Item description for Commentary-Jeremiah Lamentations (NIV Application Comme) by J. Andrew Dearman...
Overview Jeremiah/Lamentations, which is part of the NIV Application Commentary Series, helps readers learn how the messages of Jeremiah and Lamentations can have the same powerful impact today that they did when they were first written.
Publishers Description The books of Jeremiah and Lamentations cannot be separated from the political conditions of ancient Judah. Beginning with the righteous king Josiah, who ushered in a time of glorious but brief religious reform, Jeremiah reflects the close tie between spiritual and political prosperity or disaster, between the actions and heart of Judah and her kings and their fortunes as a nation. While few of us today have any firsthand understanding of what it means to live in a theocracy, the central theme of Jeremiah and Lamentations remains clear and still holds true: God first, politics second. The words, prayers, and poems of 'the weeping prophet' serve to realign us with God s priorities, turning us from evil and encouraging us to pursue God and his ways. With emotion and spiritual depth, these prophetic writings beckon us toward a spiritual integrity that can still affect the course of individuals and nations today. Most Bible commentaries take us on a one-way trip from our world to the world of the Bible. But they leave us there, assuming that we can somehow make the return journey on our own. They focus on the original meaning of the passage but don t discuss its contemporary application. The information they offer is valuable--but the job is only half done The NIV Application Commentary Series helps bring both halves of the interpretive task together. This unique, award-winning series shows readers how to bring an ancient message into our postmodern context. It explains not only what the Bible meant but also how it speaks powerfully today."
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Est. Packaging Dimensions: Length: 9.52" Width: 6.34" Height: 1.15" Weight: 1.8 lbs.
Release Date Mar 11, 2002
Publisher Zondervan Publishing
Series NIV Application Commentary
ISBN 0310206162 ISBN13 9780310206163 UPC 025986206161
Availability 3 units. Availability accurate as of May 24, 2017 03:48.
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More About J. Andrew Dearman
J. Andrew Dearman (PhD, Emory University) is director of Fuller Texas, located in Houston TX, associate dean of the School of Theology in Pasadena, CA, and professor of Old Testament. He has worked on archaeological projects in Israel and Jordan. He has written Property Rights in the Eighth-Century, Prophets, and Religion and Culture in Ancient Israel, and has also edited and contributed to several books..
J. Andrew Dearman was born in 1951.
J. Andrew Dearman has published or released items in the following series...
Reviews - What do customers think about Commentary-Jeremiah Lamentations (NIV Application Comme)?
Among the Best in the Series Feb 27, 2007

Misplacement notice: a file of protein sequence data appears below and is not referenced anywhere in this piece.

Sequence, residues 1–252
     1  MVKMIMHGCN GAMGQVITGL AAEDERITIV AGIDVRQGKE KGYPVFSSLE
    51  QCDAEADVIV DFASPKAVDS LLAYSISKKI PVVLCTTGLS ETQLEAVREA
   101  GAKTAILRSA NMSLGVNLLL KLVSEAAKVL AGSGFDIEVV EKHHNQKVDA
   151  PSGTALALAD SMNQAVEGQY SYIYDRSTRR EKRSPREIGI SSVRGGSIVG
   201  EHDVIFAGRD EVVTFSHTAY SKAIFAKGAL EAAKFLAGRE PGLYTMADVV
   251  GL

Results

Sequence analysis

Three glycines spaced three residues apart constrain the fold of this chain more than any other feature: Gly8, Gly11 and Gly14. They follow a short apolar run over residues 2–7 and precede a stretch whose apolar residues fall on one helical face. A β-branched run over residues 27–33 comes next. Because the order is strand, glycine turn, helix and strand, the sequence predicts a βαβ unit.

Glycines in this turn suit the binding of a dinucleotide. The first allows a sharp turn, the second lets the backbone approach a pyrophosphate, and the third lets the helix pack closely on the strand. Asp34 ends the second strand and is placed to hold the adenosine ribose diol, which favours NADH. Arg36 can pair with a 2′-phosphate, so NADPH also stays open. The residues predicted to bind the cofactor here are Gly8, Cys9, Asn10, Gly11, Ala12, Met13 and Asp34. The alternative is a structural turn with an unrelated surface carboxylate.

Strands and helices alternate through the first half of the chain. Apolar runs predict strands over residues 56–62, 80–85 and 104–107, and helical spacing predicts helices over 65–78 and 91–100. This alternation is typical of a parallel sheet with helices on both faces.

I agree with the second reviewer that the first reviewer (some kind of self-proclaimed "Bible teacher") has some serious anger management issues.
My take is that this is an excellent and well-written contribution to the NIVAC series. In case anyone is wondering, because of the first review, Dearman holds a BA from UNC, an MDiv from Princeton, and a PhD from Emory. He has written "Hosea" in the NICOT (a much more technical commentary series), and has served on the editorial board of the Journal of Biblical Literature for the Society of Biblical Literature, one of most highly-respected such societies in the world. So, rest assured, unless you hold tenure at a reputable seminary, Dearman knows Hebrew far better than you do.
great theology Jan 8, 2006
Boy did the first reviewer have a axe to grind! Longman rates this commentary five stars. He states that it is "a very sensitive theological reading that also brings these two books into touch with the contemporary world."
Reformed theology at it's worst Sep 11, 2004
I'm all for a 4 point Calvinistic view, but this book is terrible because the author is so bent on making everything "spiritual" and not literal or forcing his "the church has replaced Israel" scheme. I should've realized this when the back cover states that he teaches at a Presbyterian Seminary in Austin.
He doesn't deal with the text exegetically, there are barely any footnotes, and it seems that he has no knowledge of Hebrew. I'm surprised the series chose him to do this book, because he is by NO MEANS a scholar, and as I said, I don't even think he knows Hebrew! He also doesn't deal with other commentaries or other current literature/scholarship on Jeremiah! What a let down!
Mr. Dearman comes to the text with blatant presuppositions, and his Reformed views blinds him from careful exegesis. I simply don't understand how these "scholars" can be so confident that their hermeneutics and conclusions are right. The author basically says in the introduction that NOTHING in Jeremiah should lead us to any conclusions about the nation of Israel, or a millennium, etc. Some bold claims, considering the hearers of Jeremiah would have certainly thought about a literal Israel and a future kingdom.
Even if you side with a Reformed eschatology, the book is not one of the best in the NIVAC series simply because there is so little handling of the text or cultural background or theology, or the original meaning. I'm returning it. It is VERY slim for the 2nd longest Old Testament book (2nd to Psalms). And, considering he's supposed to be covering Jeremiah and Lamentations, it's amazing how this book is so short. Save your money, this book is terrible. I'm surprised the editor of the series let this in....